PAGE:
The most important feature of the Nep was the substitution of a fixed tax for the previous requisitioning of the peasants’ grain, and the legalization of private trade within Russia. This was accompanied by a number of less significant changes, such as the restoration of a monetary system, the granting of a larger measure of autonomy to the coöperatives and the reorganization of the State industries along lines which imposed greater responsibilities and authorized a larger degree of initiative on the part of their managers.
The Soviet Government realized that the reintroduction of private trade would pave the way for the rise of a newly enriched bourgeois class and eliminate the material equality which had prevailed, on paper at least, during the period when the city population was rationed as to food and clothing and the peasant was allowed to keep only as much grain as he needed for his own use. With a view to preventing the private capitalism which was inevitably bound up with the New Economic. Policy from assuming a commanding position and thereby bringing about a complete economic counter-revolution which would certainly entail political consequences, the Soviet Government marked out a number of economic key-positions which should, under no circumstances, be surrendered into private hands. These key-positions, or economic bases of Soviet power, have been described several times: by Trotzky, for instance, at the Communist Party Congress in April, 1923, and, more recently, by Rakovsky in his opening speech at the London Conference. It is well to bear them in mind, for it is by the maintenance or surrender of these key-positions that an outside observer can best judge the success or failure of the State Socialist reconstruction programme.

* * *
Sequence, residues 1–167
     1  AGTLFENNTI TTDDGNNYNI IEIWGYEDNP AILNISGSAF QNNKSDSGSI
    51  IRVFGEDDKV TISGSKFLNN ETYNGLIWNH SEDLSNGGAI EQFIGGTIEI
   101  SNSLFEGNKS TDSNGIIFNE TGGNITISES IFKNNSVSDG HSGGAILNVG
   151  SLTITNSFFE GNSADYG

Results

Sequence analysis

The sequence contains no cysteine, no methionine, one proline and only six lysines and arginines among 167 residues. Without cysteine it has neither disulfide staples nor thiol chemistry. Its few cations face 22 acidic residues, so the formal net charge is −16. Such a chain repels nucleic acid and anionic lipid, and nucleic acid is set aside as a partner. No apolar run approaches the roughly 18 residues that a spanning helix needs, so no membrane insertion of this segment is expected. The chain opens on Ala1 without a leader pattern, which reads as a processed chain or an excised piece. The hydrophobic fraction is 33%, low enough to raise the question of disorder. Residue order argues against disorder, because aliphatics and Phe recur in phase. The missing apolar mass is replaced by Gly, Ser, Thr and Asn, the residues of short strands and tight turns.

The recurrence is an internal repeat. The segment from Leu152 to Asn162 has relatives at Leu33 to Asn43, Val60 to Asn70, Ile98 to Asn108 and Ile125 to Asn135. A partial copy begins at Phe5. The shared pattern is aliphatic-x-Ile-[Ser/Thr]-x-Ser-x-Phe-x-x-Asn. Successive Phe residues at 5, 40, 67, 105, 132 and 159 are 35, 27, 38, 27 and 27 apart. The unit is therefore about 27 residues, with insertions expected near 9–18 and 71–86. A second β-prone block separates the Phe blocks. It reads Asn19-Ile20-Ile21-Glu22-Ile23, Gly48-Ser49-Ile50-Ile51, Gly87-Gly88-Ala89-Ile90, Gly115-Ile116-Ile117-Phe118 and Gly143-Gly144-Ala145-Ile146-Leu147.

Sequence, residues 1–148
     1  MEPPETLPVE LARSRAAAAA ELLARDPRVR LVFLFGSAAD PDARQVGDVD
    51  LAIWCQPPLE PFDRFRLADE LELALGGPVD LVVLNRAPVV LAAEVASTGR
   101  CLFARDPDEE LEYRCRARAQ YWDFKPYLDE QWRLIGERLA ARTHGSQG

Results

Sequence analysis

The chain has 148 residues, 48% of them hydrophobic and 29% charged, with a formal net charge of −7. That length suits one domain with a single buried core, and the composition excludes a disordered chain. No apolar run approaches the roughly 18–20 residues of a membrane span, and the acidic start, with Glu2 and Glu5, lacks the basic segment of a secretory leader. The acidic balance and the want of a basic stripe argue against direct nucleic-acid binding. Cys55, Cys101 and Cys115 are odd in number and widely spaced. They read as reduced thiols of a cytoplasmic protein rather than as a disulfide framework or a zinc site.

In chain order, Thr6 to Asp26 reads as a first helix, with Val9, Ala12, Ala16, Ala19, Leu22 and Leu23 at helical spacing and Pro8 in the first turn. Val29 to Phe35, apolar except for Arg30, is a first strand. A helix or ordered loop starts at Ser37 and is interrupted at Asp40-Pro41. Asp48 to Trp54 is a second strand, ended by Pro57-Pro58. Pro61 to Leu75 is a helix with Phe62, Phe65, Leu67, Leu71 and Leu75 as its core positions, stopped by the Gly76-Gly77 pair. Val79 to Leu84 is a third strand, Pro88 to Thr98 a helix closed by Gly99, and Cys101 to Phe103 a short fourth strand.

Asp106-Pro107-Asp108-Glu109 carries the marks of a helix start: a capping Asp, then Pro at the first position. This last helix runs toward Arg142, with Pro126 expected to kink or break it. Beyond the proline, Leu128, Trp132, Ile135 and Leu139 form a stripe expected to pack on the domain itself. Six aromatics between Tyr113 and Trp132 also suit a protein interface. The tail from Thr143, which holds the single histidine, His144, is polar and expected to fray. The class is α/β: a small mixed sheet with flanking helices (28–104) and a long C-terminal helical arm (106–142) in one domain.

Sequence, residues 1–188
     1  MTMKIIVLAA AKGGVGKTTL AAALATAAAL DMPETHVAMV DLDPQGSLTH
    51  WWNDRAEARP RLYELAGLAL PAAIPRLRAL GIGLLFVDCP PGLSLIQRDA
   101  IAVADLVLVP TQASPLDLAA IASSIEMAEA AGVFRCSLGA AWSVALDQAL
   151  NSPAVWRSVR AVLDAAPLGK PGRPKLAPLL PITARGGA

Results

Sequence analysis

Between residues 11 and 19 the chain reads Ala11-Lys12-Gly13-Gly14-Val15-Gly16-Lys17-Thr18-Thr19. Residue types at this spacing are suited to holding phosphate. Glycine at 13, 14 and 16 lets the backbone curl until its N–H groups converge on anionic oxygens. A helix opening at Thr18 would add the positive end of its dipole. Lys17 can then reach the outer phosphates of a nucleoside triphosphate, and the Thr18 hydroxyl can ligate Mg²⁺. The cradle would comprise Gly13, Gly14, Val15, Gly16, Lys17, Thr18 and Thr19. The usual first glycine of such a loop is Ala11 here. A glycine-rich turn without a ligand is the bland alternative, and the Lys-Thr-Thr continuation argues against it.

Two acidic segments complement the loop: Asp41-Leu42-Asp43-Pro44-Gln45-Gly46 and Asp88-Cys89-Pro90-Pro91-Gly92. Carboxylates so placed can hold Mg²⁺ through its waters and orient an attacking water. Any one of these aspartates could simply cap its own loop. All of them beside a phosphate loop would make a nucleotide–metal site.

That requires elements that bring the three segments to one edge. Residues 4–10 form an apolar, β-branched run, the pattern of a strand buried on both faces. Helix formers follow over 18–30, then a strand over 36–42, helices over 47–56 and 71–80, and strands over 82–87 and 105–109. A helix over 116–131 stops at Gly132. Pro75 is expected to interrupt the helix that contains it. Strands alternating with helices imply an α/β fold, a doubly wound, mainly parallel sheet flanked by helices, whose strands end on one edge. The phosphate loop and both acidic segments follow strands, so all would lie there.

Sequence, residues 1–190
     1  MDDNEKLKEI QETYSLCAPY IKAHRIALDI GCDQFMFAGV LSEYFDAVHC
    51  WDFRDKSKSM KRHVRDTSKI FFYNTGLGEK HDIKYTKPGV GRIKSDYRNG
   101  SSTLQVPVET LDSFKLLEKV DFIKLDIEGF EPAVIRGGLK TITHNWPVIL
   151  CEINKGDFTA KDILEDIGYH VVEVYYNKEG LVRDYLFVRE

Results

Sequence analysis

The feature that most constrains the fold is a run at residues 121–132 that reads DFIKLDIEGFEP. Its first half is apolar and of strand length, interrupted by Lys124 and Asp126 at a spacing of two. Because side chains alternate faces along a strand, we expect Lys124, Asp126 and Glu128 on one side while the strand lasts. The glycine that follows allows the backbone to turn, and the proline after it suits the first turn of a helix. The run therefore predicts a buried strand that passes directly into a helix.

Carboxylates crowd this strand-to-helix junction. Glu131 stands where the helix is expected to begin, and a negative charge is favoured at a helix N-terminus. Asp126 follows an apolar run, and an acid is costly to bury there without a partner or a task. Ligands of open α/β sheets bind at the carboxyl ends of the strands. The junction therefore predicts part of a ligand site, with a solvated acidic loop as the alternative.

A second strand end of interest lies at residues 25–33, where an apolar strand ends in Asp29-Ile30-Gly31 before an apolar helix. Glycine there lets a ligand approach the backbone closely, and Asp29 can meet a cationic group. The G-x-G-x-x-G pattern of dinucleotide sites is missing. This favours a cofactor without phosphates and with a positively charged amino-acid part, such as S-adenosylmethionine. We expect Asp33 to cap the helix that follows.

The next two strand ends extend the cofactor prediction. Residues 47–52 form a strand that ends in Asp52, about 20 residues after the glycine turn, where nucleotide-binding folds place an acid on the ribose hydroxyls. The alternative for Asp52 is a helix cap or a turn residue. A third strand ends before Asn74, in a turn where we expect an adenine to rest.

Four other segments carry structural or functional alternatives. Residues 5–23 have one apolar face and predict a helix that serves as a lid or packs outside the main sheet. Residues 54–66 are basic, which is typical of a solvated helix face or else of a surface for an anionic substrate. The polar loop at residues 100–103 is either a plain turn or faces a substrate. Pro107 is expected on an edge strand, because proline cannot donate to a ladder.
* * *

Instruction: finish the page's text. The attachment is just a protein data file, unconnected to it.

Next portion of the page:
The first of these key-positions is State control and operation of transport and essential industries. This is designed to prevent the successful merchant or speculator from investing his capital in industry and getting a grip on the processes of Russia’s basic production. The second key-position is State monopoly of foreign trade. This institution, from the standpoint of the Government, has several advantages. By insuring a favorable trade balance it helps the Finance Commissariat in its difficult struggle to stabilize the currency. By creating a centralized apparatus for carrying on commercial relations with other countries it enables the State to direct Russia’s exports and imports along the lines which are believed to be most advantageous for the country’s development. Finally the State monopoly acts as a barrier between the Russian private merchant and the foreign firms with which he might otherwise open up connections. This deprives the new capitalist class in Russia of another possible source of added wealth and economic power.